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Despite the ongoing Covid-19 pandemic, 2021 was a groundbreaking year for both the Brain Health Registry (BHR) and for the greater Alzheimer’s research field. As we reflect on the past 12 months, we’d like to share highlights from both BHR and from the field as a whole.
In June 2021, the US Food and Drug Administration approved the drug Aduhelm (aducanumab) for the treatment of Alzheimer’s disease. Unlike previously approved drugs, which can help manage disease symptoms, Aduhelm was developed to slow the biological progression of Alzheimer’s disease.
The drug specifically targets the sticky plaques of amyloid-beta protein that form between brain cells. Amyloid plaques contribute to brain changes leading to impaired memory and thinking.
Additional drugs developed to eliminate amyloid plaques have shown promise in clinical trials. For example, in a study of Eli Lilly’s donanemab, the drug reduced amyloid in the brain for two thirds of trial participants. Additionally, trial participants who received the drug experienced cognitive decline at a rate 32% slower than participants who did not receive treatment.
Similar drugs are being developed and tested by pharmaceutical companies Eisai and Roche.
Researchers are also investigating other types of drugs that target aspects of Alzheimer’s pathology besides amyloid plaques. These targets include the gut microbiome — the trillions of fungi, bacteria, and other microbes inhabiting your gut — another protein called tau, and inflammation in the brain.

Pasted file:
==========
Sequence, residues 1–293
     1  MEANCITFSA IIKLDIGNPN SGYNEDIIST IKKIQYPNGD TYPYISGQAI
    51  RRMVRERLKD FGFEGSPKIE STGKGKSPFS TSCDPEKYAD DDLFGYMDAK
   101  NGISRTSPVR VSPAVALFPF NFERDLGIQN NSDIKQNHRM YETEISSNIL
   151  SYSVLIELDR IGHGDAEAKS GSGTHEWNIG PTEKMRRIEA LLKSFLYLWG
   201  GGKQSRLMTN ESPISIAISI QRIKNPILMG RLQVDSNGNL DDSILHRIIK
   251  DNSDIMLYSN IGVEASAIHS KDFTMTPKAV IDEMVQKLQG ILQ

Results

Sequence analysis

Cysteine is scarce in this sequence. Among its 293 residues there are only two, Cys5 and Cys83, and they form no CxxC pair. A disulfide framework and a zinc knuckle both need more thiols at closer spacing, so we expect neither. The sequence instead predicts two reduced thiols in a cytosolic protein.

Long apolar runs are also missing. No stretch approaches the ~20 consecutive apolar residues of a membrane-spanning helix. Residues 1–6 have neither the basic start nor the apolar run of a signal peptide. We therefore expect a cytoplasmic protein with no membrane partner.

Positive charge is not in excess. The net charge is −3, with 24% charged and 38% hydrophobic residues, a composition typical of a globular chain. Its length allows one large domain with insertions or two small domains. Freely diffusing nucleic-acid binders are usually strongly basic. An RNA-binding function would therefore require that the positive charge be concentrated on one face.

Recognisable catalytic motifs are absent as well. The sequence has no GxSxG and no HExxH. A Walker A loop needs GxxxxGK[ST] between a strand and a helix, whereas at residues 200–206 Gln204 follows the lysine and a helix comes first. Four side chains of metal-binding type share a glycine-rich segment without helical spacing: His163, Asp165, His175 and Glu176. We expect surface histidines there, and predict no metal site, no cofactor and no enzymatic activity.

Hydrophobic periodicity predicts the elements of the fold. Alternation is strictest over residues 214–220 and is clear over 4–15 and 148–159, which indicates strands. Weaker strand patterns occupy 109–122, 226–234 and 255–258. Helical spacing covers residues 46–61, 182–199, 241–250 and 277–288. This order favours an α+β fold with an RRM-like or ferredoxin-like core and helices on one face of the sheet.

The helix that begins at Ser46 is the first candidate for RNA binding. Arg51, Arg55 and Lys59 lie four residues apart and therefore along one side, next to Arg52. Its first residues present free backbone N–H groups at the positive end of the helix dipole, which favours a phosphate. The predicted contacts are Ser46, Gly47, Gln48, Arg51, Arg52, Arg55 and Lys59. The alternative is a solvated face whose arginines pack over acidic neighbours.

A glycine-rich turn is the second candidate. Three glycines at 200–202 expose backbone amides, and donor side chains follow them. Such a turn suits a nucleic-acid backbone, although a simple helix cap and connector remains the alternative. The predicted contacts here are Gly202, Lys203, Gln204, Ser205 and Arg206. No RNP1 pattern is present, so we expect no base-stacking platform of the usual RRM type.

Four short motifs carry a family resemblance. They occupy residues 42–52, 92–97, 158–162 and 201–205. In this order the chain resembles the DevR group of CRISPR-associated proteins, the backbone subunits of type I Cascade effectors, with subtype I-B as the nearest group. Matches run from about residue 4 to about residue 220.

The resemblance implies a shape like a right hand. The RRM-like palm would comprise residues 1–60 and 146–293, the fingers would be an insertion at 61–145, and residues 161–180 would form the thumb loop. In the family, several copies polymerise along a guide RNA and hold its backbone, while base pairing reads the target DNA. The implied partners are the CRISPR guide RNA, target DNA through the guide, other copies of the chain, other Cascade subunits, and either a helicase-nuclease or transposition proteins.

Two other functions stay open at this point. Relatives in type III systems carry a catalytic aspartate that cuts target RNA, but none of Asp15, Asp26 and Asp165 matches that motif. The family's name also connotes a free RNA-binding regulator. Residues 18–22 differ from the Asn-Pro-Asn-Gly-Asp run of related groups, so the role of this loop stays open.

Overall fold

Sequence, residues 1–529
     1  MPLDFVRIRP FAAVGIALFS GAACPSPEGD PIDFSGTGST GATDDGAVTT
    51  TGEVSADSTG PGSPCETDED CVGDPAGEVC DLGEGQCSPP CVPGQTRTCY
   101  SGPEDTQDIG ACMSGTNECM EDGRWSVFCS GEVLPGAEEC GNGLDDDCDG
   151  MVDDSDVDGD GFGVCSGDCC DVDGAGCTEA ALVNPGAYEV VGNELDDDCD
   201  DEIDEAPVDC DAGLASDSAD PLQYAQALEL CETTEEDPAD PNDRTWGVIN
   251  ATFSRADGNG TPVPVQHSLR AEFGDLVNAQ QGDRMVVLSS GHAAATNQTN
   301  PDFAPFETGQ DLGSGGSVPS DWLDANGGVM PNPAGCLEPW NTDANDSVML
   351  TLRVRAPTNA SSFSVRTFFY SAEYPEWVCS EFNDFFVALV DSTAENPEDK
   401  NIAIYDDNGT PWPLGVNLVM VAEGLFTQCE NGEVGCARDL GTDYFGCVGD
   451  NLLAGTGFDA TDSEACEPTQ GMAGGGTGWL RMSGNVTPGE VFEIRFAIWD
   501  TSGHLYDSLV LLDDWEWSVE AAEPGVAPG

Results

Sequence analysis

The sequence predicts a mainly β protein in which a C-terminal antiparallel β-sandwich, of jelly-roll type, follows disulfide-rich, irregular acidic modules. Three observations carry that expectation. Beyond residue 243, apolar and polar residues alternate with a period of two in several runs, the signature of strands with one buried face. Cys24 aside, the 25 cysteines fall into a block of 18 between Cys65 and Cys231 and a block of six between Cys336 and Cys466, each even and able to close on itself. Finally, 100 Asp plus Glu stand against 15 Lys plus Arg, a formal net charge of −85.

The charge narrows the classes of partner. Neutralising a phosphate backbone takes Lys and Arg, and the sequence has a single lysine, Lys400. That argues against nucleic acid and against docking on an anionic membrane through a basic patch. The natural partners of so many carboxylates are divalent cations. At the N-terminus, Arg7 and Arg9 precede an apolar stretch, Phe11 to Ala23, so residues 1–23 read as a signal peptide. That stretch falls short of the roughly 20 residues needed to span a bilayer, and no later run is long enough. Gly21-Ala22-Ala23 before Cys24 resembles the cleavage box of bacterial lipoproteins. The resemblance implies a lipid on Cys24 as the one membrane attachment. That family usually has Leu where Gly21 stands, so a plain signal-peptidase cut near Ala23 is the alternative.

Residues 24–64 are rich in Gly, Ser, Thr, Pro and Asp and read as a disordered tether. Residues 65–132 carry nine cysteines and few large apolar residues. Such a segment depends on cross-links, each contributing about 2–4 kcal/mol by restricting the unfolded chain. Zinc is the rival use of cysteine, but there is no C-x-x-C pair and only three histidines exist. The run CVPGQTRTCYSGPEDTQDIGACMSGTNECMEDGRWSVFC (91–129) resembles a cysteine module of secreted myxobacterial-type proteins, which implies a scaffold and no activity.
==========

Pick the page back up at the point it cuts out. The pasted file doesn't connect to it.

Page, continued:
Although Covid-19 has profoundly disrupted many research studies, it has also accelerated development and use of remote assessment tools for cognition. The BHR has been a major innovator in this area, and our research has continued to move forward. Thanks to all who participate in BHR!
Blood tests for Alzheimer’s disease have the potential for easy, routine use in a doctor’s office. These tests have been shown to change in response to treatments which remove amyloid plaques.
Blood samples contain substances that can provide valuable information about a person’s likelihood of developing Alzheimer’s disease. Furthermore, they are less invasive and expensive than brain imaging methods like Magnetic Resonance Imaging (MRI) and Positron Emission Tomography (PET), which are typically used to help diagnose brain diseases.
The BHR used our platform to involve some participants in a blood collection study. Read more about that study in our December 2020 Newsletter.
Diversity in Alzheimer’s Disease Research
The importance of diversity in clinical research and clinical trials has received increasing emphasis and attention throughout the research community. Having study participants that represent the entire population is important for developing effective treatments that can benefit everyone.
The BHR has pioneered a series of initiatives to recruit underrepresented communities including Black and Latino/a/x adults. These projects include the CEDAR study, which is aimed at increasing engagement by our Black participants, and our Latino Brain Health Registry.
As we look back on all these achievements, we are extremely excited for what 2022 has in store. As always, we are grateful for all our participants that make this research possible. Happy New Year from everyone on the Brain Health Registry team!